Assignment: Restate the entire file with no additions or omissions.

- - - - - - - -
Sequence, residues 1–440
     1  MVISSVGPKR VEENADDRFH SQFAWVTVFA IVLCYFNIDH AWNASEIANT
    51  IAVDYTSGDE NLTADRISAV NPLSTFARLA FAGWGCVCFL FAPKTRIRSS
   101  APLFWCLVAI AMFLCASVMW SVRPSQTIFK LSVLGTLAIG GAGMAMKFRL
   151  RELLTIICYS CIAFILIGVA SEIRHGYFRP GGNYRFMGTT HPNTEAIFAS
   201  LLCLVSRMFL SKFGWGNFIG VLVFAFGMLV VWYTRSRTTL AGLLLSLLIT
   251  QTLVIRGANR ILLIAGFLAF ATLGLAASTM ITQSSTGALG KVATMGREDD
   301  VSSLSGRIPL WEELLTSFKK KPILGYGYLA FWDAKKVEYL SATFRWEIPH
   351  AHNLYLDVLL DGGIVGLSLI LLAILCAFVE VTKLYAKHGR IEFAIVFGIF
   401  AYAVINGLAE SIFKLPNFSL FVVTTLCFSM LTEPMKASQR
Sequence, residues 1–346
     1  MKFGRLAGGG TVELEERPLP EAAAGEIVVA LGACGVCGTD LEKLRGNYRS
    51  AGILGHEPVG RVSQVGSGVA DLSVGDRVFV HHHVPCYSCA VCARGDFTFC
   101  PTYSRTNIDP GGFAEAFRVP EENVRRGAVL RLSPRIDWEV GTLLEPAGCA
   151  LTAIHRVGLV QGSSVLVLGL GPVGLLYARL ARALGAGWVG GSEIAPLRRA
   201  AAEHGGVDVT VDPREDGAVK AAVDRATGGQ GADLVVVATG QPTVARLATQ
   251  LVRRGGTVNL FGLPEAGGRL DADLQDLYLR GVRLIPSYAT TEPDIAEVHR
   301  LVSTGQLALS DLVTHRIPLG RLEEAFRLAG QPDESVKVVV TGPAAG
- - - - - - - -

Sequence, residues 1–440
     1  MVISSVGPKR VEENADDRFH SQFAWVTVFA IVLCYFNIDH AWNASEIANT
    51  IAVDYTSGDE NLTADRISAV NPLSTFARLA FAGWGCVCFL FAPKTRIRSS
   101  APLFWCLVAI AMFLCASVMW SVRPSQTIFK LSVLGTLAIG GAGMAMKFRL
   151  RELLTIICYS CIAFILIGVA SEIRHGYFRP GGNYRFMGTT HPNTEAIFAS
   201  LLCLVSRMFL SKFGWGNFIG VLVFAFGMLV VWYTRSRTTL AGLLLSLLIT
   251  QTLVIRGANR ILLIAGFLAF ATLGLAASTM ITQSSTGALG KVATMGREDD
   301  VSSLSGRIPL WEELLTSFKK KPILGYGYLA FWDAKKVEYL SATFRWEIPH
   351  AHNLYLDVLL DGGIVGLSLI LLAILCAFVE VTKLYAKHGR IEFAIVFGIF
   401  AYAVINGLAE SIFKLPNFSL FVVTTLCFSM LTEPMKASQR
Sequence, residues 1–346
     1  MKFGRLAGGG TVELEERPLP EAAAGEIVVA LGACGVCGTD LEKLRGNYRS
    51  AGILGHEPVG RVSQVGSGVA DLSVGDRVFV HHHVPCYSCA VCARGDFTFC
   101  PTYSRTNIDP GGFAEAFRVP EENVRRGAVL RLSPRIDWEV GTLLEPAGCA
   151  LTAIHRVGLV QGSSVLVLGL GPVGLLYARL ARALGAGWVG GSEIAPLRRA
   201  AAEHGGVDVT VDPREDGAVK AAVDRATGGQ GADLVVVATG QPTVARLATQ
   251  LVRRGGTVNL FGLPEAGGRL DADLQDLYLR GVRLIPSYAT TEPDIAEVHR
   301  LVSTGQLALS DLVTHRIPLG RLEEAFRLAG QPDESVKVVV TGPAAG